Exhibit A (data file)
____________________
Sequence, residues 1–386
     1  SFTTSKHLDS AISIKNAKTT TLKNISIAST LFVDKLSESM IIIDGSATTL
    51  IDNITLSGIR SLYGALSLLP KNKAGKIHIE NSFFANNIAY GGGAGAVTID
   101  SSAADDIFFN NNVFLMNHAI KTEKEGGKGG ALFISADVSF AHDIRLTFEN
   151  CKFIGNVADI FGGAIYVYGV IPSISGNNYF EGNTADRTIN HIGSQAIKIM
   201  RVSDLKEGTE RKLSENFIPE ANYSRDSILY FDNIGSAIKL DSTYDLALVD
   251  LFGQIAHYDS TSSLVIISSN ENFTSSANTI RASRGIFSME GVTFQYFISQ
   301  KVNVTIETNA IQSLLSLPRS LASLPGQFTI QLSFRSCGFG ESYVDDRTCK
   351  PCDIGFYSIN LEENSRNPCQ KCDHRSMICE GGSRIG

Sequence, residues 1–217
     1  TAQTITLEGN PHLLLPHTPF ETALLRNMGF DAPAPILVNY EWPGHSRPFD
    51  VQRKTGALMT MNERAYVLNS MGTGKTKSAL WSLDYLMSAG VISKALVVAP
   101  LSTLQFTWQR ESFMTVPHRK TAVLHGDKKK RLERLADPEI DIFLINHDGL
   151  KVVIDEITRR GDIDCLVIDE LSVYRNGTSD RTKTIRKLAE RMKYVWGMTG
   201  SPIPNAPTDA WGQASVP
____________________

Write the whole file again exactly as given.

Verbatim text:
Sequence, residues 1–386
     1  SFTTSKHLDS AISIKNAKTT TLKNISIAST LFVDKLSESM IIIDGSATTL
    51  IDNITLSGIR SLYGALSLLP KNKAGKIHIE NSFFANNIAY GGGAGAVTID
   101  SSAADDIFFN NNVFLMNHAI KTEKEGGKGG ALFISADVSF AHDIRLTFEN
   151  CKFIGNVADI FGGAIYVYGV IPSISGNNYF EGNTADRTIN HIGSQAIKIM
   201  RVSDLKEGTE RKLSENFIPE ANYSRDSILY FDNIGSAIKL DSTYDLALVD
   251  LFGQIAHYDS TSSLVIISSN ENFTSSANTI RASRGIFSME GVTFQYFISQ
   301  KVNVTIETNA IQSLLSLPRS LASLPGQFTI QLSFRSCGFG ESYVDDRTCK
   351  PCDIGFYSIN LEENSRNPCQ KCDHRSMICE GGSRIG

Sequence, residues 1–217
     1  TAQTITLEGN PHLLLPHTPF ETALLRNMGF DAPAPILVNY EWPGHSRPFD
    51  VQRKTGALMT MNERAYVLNS MGTGKTKSAL WSLDYLMSAG VISKALVVAP
   101  LSTLQFTWQR ESFMTVPHRK TAVLHGDKKK RLERLADPEI DIFLINHDGL
   151  KVVIDEITRR GDIDCLVIDE LSVYRNGTSD RTKTIRKLAE RMKYVWGMTG
   201  SPIPNAPTDA WGQASVP